Special Projects Director
Guest post by Tom Diegel
This installment of “The Little Things” associated with safety involves the most difficult component of skiing in avalanche terrain: ourselves! One thing that my partners and I like to do is maintain good backcountry habits; we do this to avoid getting surprised and to be prepared for that rare incident that can change your day from fun to terror. Be sure to check out installments one and two. And look for number four in a few days!
Any pilot will tell you that following protocol is a good way to improve the odds of a safe journey, regardless of conditions. Here are some of the habits we try to follow.
Before anyone drops a run, we try to position one other person to see as much of the run as possible. Ideally, the first person down stops out of the potential runout zone and in a position to be able to spot the subsequent riders.
LAMAR - A term I adopted from canyoneering for “Last Man At Risk”
Keep in mind the vulnerability of the last skier. Recently we skied an avy path with a long, flattish runout, and the natural inclination was to ski far out away from the deposition zone. However, if the third guy “got it” and went for a ride there’s a possibility that he would be buried at the leading edge of the flats, and any potential recovery would begin with the two rescuers having to transition to uphill and walk back up the slope to initiate the search, costing precious time. Keep someone in position to be able to watch and perhaps rescue the last person, but as the last person to ski, acknowledge that you are the most vulnerable (and perhaps ski accordingly)
In acknowledgement of this vulnerability, Bruce Tremper taught me the concept of the first skier starting their transition to uphill mode as soon as she comes to a stop (if going back up is the plan). By the time the third or fourth skier is dropping, skier 1 is probably close to being ready to go back uphill.
If the slope is conducive to it (and many are not) we like to ski down part way, bail to a safe zone, wait for the next person to go by, etc. However, if it rips while you are spotting, can you get out of the way? I know a guy who stopped midway down a long run to spot his buddy, turned his skis to face the slope for better viewing, and when the slope shattered wasn’t able to turn around fast enough to dive into the woods, and ended up with a shattered femur.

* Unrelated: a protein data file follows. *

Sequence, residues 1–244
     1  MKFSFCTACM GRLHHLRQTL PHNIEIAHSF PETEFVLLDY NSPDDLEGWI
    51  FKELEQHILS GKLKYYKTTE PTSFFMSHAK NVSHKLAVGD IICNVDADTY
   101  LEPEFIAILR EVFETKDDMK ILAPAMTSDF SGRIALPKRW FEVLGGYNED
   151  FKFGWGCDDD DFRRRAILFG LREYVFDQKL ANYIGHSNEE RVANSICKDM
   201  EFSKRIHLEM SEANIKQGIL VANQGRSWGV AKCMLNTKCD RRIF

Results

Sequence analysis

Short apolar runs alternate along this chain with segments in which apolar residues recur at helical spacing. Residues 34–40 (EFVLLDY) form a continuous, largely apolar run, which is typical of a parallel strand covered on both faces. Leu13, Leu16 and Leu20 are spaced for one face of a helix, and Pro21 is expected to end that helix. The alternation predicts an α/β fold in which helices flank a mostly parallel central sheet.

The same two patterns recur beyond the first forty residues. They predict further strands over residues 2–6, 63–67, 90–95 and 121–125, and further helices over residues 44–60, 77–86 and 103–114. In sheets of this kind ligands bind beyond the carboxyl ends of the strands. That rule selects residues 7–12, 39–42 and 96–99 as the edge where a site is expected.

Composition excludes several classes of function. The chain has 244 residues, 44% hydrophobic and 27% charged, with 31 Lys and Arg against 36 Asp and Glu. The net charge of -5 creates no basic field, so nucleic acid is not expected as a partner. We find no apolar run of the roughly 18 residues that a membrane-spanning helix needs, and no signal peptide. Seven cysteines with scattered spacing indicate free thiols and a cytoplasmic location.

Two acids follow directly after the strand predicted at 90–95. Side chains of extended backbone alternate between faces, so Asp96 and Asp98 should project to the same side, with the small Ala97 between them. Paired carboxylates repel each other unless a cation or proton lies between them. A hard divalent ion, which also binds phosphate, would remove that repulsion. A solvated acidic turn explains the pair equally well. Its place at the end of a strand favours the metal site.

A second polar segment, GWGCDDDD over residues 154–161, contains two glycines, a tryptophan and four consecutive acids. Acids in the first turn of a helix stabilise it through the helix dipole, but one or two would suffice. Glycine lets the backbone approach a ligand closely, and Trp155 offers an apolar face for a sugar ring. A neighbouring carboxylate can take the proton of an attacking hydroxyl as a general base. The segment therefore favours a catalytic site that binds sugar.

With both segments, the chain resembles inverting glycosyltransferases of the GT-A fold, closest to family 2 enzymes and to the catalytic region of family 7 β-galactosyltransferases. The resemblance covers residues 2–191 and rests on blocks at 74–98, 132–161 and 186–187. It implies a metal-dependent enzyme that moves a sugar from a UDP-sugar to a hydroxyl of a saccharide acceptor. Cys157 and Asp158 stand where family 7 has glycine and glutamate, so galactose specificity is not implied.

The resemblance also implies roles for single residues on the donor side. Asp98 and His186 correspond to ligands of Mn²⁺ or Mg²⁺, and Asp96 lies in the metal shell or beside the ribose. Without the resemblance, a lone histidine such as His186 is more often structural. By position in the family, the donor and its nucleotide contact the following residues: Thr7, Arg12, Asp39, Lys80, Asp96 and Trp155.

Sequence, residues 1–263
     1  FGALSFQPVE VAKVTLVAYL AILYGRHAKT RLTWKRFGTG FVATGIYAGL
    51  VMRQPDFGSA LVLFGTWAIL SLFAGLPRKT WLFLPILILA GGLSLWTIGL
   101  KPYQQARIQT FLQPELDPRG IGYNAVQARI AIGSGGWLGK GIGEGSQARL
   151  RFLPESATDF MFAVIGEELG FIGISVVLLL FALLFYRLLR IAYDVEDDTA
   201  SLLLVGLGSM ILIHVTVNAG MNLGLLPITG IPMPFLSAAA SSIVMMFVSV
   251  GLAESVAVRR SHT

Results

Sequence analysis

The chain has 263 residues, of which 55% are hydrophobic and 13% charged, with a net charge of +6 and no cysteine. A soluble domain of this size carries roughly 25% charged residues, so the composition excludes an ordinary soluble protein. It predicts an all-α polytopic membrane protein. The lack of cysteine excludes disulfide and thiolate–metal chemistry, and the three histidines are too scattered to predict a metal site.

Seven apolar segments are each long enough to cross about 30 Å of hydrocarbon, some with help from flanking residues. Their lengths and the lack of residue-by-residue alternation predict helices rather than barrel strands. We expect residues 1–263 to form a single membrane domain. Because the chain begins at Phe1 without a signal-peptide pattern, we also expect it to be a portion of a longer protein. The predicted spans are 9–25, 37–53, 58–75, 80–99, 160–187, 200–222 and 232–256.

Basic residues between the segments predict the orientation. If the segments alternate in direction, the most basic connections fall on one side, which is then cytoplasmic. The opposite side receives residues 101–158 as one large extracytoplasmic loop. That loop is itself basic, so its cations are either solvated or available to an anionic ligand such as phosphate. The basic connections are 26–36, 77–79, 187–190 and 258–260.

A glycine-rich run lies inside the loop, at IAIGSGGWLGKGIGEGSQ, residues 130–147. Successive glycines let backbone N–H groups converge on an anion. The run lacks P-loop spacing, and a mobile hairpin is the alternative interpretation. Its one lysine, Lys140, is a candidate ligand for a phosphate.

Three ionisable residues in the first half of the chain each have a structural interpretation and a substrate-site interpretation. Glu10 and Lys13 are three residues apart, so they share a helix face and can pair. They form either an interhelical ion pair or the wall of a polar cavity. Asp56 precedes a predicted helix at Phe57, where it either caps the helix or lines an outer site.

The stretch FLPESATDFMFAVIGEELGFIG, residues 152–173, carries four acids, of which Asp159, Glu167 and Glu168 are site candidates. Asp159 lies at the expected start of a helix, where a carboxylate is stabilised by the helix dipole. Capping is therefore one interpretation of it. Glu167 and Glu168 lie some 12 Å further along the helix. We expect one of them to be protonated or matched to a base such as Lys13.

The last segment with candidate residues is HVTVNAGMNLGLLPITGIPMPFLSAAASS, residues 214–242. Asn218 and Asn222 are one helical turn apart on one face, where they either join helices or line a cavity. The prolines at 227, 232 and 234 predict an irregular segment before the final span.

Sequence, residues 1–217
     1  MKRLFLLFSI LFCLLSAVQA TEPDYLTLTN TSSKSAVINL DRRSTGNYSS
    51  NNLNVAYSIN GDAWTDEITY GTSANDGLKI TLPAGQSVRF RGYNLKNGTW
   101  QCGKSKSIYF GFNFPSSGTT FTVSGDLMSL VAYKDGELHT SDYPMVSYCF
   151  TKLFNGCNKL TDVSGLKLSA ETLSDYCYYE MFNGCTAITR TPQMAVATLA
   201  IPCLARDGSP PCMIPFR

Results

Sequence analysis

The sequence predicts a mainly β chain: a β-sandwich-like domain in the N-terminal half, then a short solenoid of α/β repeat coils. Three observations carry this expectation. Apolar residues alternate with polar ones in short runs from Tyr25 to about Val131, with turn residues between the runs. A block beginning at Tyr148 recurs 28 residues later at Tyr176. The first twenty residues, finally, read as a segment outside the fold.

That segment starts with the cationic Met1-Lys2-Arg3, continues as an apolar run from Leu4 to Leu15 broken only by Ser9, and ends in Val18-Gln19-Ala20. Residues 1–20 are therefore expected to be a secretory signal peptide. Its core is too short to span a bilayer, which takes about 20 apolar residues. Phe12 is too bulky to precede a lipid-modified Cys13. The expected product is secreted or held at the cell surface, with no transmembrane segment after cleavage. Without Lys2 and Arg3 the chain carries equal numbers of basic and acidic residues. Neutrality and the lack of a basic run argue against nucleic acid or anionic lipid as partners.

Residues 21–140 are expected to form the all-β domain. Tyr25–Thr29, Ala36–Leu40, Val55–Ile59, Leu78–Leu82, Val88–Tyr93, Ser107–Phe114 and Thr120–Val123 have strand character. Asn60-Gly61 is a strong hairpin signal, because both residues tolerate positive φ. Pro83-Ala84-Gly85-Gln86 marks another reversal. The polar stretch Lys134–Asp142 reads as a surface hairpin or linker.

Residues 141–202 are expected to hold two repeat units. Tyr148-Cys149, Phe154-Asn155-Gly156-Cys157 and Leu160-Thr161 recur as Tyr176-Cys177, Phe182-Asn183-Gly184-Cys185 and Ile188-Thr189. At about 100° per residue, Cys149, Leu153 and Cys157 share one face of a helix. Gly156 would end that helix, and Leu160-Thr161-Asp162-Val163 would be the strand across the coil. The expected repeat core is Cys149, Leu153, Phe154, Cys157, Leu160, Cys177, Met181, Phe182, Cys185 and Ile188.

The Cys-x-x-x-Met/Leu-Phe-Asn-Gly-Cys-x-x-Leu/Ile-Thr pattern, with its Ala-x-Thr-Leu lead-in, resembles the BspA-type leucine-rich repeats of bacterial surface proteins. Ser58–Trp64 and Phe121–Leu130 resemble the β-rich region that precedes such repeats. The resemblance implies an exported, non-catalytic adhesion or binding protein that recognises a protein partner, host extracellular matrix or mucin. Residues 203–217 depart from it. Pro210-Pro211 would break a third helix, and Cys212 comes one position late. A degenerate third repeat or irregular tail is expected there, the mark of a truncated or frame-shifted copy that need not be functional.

If there’s no safe zone for stopping/leapfrogging then go all the way down, keeping in mind that as the slope mellows your pards up top will likely have a better view of you to confirm you made it down ok.
One at a time in avy terrain
This is a pretty standard practice, but with big groups and/or “safe” skiing it’s easy to fall out of the habit. It’s important protocol and it seems that we see a surprising number of folks skiing potentially risky slopes simultaneously.
It’s really easy to lose track of people in tree runs so as we ski in the woods we hoot/holler a fair bit to maintain contact (make sure you hoot back!), and we tend to use our distinct call so that multiple folks in a party can confirm who’s who without visual contact.
Communicate the ski plan
A couple of weeks ago we saw a couple of friends who had gone to either side of a rib. One stopped high and one low. We were able to help facilitate getting them back together, but it was clear that they hadn’t discussed what the plan was for the run. Without discussing the plan, it’s surprisingly easy to lose track of people.
Communicate the skinning plan
I was part of a full burial as a result of lack of communication about where to put the skin track in. My pards knew where they were going, but I – breaking trail - did not, and I inadvertently led us into the danger zone. And two friends have died in avvies triggered while skinning. Uphill travel usually involves less-exposed terrain, but that’s not always the case.Moving slowly and being dressed for exertion potentially makes an avalanche more consequential. So evaluate a slope that you are going to skin up, identify the objective hazards, and make a plan to safely navigate the climb.
I know that when I’m below a trail breaker who is zigzagging up a slope above me I get twitchy, so as a trail breaker I try to be conscientious of the people below; can I take a longer reach, take the skinner to spots where my pards might have some semblance of protection, wait at those spots myself so my pards can get to the next safer zone, take the skinner over a rib or into a copse of trees so I’m not weighting the slope right above my sitting-duck partners looking up at me with saucer-eyes?
Stop and check on your pards
In a recent well-advertised incident, skier 1 skied a shot and then zipped away for the mile+ back to the car, unaware that skier 2 triggered an avalanche and went for a short ride.. Skier 1 was a) not available if a rescue had been required and b) assumed buried by skiers 2 and 3, who called in organized rescue after a fruitless search. Don’t assume that your pards are always ok and go all the way down/out. We always stop a couple of times on long, narrow exit trails because it’s easy to break bodies or gear on the way home.
Weather and daylight considerations
An accident requiring first aid, repairs, or an evacuation that is not a big deal at noon on a sunny day in March could be life-threatening at 4:30 pm on a minus 5 deg December afternoon. Adjust your risk tolerance accordingly.
The chess board is the world, the pieces are the phenomena of the universe, the rules of the game are what we call the laws of Nature. The player on the other side is hidden from us. We know that his play is always fair, just and patient. But we also know, to our cost, that he never overlooks a mistake, or makes the smallest allowance for ignorance.
— Thomas Huxely